The Vivarini family of painters active in the 15th century was based on the lagoon island of Murano, but the painters also executed commissions along the Adriatic coast. Their conservative style apparently went down well in the provinces. However, Alvise Vivarini, who lived into the early 16th century, was positively influenced by Antonello da Messina and Giovanni Bellini and was able to absorb vital lessons from them. His 1489 "Madonna and Child with Angel Musicians" contains one of the most delightful of all depictions of the innocent sleeping Christ child. Vivarini produced another version of this image, now at the Redentore church on Giudecca, and the standard of his work for a provincial setting is comparable to that of the one destined for the more discriminating metropolis.

In sharp contrast is the case of Vittore Carpaccio and his studio. He was one of the leading painters of the late 15th and early 16th century, principally employed for narrative cycles of titular saints for Venetian "scuole," or charitable confraternity meeting houses. Toward the end of his career, however, he moved to Capodistria, perhaps because his style was becoming dated in the face of the revolution brought by Giovanni Bellini and his pupils Giorgione and Titian, or because he felt his own powers were fading and hoped to establish a studio for his less naturally talented son Benedetto in a less competitive environment.

Carpaccio's "Entrance of the Podesta - Captain Sebastiano Contarini into the Duomo of Capodistria" (1517) has been so often and so badly damaged by ham-fisted restoration over the centuries that it is difficult to judge what the image was once like. Yet the standard of brushwork, composition and even architectural perspective seems well below that of the master's heyday.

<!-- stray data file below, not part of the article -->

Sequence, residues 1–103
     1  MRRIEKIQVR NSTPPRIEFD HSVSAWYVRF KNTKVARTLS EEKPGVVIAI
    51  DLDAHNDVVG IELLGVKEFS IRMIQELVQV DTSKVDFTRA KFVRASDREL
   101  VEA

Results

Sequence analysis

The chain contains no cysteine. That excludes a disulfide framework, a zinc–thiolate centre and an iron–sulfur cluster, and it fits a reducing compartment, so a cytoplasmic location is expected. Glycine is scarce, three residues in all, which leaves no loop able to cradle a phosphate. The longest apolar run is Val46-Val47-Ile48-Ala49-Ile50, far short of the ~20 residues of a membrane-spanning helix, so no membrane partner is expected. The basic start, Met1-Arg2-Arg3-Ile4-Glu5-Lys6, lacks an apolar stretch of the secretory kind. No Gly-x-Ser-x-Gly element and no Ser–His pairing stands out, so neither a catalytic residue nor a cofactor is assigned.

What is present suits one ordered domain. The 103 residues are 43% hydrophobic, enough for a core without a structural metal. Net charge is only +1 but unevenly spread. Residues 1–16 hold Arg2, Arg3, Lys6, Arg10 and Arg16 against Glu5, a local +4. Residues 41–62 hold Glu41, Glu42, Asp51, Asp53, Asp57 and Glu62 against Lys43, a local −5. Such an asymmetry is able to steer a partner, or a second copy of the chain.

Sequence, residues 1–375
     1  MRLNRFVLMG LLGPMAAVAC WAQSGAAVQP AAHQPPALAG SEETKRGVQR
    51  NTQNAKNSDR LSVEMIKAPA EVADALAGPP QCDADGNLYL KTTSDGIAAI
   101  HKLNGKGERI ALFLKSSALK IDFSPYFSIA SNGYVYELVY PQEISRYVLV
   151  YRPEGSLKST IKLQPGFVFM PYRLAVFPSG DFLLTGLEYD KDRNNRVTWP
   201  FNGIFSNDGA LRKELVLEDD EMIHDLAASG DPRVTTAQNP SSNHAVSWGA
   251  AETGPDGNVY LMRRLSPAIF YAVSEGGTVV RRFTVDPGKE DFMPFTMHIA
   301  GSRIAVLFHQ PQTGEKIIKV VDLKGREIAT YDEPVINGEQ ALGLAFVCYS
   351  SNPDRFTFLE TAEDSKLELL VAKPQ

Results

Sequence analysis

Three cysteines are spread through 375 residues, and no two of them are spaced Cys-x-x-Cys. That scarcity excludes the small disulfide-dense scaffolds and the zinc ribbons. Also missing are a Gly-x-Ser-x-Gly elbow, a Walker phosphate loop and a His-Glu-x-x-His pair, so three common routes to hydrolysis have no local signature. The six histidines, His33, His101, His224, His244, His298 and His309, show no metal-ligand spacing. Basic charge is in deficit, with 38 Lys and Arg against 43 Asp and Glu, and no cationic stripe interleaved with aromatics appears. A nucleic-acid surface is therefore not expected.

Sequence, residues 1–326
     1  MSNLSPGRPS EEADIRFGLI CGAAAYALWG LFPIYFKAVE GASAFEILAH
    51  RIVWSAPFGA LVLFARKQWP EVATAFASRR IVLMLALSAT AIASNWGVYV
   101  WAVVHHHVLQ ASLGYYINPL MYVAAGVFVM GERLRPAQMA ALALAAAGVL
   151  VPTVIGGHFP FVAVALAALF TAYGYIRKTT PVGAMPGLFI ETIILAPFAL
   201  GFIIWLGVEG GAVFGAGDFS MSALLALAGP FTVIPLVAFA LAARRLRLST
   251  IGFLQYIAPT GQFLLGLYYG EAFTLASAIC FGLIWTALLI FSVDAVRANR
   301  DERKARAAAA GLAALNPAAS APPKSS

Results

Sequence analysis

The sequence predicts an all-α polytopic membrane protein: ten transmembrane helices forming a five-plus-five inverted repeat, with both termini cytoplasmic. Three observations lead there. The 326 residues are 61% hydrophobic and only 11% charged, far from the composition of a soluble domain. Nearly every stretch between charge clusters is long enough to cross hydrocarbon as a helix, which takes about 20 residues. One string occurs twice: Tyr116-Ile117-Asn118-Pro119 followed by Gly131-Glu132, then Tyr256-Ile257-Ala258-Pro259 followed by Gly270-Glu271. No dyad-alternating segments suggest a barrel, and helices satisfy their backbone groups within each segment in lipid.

Vittore Carpaccio's son Benedetto, documented between 1530 and 1560, can securely be described as a provincial painter working in a manner that was already becoming archaic, though not entirely lacking in engaging qualities. He is represented by three canvases of Madonnas and saints. In many ways, they are fascinating examples of the nuts and bolts of studio practices and how derivative painters combined elements from true masters and remixed them to produce "new" compositions. His "Madonna and Child, with SS Bartholomew and Thomas" includes components derived from works by his father and by Mantegna, Bellini and Dürer.

An odd later hybrid is Constantinos Sgouros's 17th-century "Madonna and Child between Bernardo Marcello and Churchmen." This Greek artist's panel in tempera is executed according to late Byzantine conventions, except for the figure of its commissioner, the nobleman Marcello, who appears smaller in stature even than the Christ child on Mary's lap, as though cut out of a contemporary Venetian painting and inserted into an eastern orthodox icon. Marcello was the governor of Crete between 1641 and 1644. All the inscriptions on the painting are in Greek, so presumably the work was specifically directed at Greek speakers in Crete itself or in the diaspora within the Venetian empire.

Another unusual composition is Giambattista Tiepolo's "Madonna of the Girdle and Saints," showing the Virgin on an angel-borne cloud handing down this emblematic accessory as she hovers above an impressive flight of gray stone steps and plinth accommodating the saints Monica, Augustine and Nicholas of Tolentino. There are a number of puzzles regarding the picture, its possible date and how it came to be in Istria. It has been suggested that the face of St. Nicholas is a self-portrait. It certainly makes for an intriguing addition to Tiepolo's oeuvre.


First published: International Herald Tribune

© Roderick Conway Morris 1975-2016